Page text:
3.5. Avalon Streaming Video Protocol Versus Intel FPGA Streaming Video Protocol
Control and Image Information Packets
The Avalon streaming video protocol indicates control packets with the value 0xf in the low nibble of the first beat of the transaction. The control packet payload is then packed over subsequent beats into the low nibbles of each byte, across the whole width of the data bus. The Intel FPGA streaming video protocol indicates image information packets by setting tuser and 0x0 in the low 5 bits of the first beat. The protocol uses the remaining 11 bits of the first beat and the low 16 bits of subsequent beats to pack the remainder of the image information control packet.
Avalon streaming video carries data for the width field of the control packets in 4 nibbles spread across multiple bytes and often over multiple beats on the bus (w3:w0 in the figure). The Intel FPGA streaming video protocol always contains the 16 width field bits in the second beat of the transaction (w3:w0 in cycle 3 in the figure). Both protocols process the height field in these ways.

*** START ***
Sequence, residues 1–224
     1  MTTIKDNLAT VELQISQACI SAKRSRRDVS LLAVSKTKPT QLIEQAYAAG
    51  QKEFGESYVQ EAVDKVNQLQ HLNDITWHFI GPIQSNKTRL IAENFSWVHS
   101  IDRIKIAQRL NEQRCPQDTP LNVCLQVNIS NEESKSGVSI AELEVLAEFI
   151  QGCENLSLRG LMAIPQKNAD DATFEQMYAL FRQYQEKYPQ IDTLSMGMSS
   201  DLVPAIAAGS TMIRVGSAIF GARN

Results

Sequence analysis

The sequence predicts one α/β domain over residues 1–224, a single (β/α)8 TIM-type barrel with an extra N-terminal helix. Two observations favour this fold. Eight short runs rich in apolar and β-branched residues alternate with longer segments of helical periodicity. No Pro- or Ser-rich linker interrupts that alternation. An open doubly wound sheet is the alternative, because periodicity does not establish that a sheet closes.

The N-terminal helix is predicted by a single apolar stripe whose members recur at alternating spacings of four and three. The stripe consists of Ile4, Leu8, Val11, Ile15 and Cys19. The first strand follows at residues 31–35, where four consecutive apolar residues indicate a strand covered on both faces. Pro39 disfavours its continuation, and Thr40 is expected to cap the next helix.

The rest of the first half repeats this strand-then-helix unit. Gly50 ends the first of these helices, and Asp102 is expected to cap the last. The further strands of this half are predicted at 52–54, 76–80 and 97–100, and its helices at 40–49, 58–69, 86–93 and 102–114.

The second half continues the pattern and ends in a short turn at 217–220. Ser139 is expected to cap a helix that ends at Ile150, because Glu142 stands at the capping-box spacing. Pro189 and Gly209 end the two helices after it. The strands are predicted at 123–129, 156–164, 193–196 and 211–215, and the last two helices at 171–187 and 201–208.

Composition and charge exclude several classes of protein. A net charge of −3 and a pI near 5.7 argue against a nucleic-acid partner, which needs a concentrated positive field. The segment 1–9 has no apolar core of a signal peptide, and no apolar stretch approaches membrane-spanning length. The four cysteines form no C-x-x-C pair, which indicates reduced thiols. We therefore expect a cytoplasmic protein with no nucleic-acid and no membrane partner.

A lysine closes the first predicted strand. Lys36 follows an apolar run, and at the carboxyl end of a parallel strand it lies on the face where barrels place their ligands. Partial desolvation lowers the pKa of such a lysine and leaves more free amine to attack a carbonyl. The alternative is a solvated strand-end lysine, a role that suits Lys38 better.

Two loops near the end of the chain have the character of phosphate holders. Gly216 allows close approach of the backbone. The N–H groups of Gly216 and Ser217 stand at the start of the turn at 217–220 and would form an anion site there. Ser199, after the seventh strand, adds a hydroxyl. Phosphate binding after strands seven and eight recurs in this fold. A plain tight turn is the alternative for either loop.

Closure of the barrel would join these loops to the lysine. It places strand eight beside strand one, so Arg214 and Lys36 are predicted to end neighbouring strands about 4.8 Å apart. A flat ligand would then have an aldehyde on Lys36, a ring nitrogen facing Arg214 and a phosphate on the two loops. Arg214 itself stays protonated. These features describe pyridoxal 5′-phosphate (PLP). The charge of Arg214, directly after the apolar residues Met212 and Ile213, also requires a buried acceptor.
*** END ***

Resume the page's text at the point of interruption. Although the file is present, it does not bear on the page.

Interlace nibble codes have the same semantics in both protocols. Avalon streaming video carries interface nibble codes in the low nibble of the last byte of the packet. Intel FPGA streaming video packs them in positions 8 down to 5 of the first beat of the packet.
The Avalon streaming video protocol makes use of the Avalon streaming empty signal to indicate any empty symbols in the last beat. The Intel FPGA streaming video protocol does not use the AXI4-Stream TKEEP or TSRB signals.
Data packets in the Avalon streaming video protocol represent one entire field or frame of video. The Intel FPGA streaming video protocol transports each line of video as individual data packet. Data packets are also ready latency 1 in the Avalon streaming video protocol.
The protocols have other differences for pixel packing and empty symbols. The protocol converter IP manages these differences, so you do not need to understand the difference between the two standards.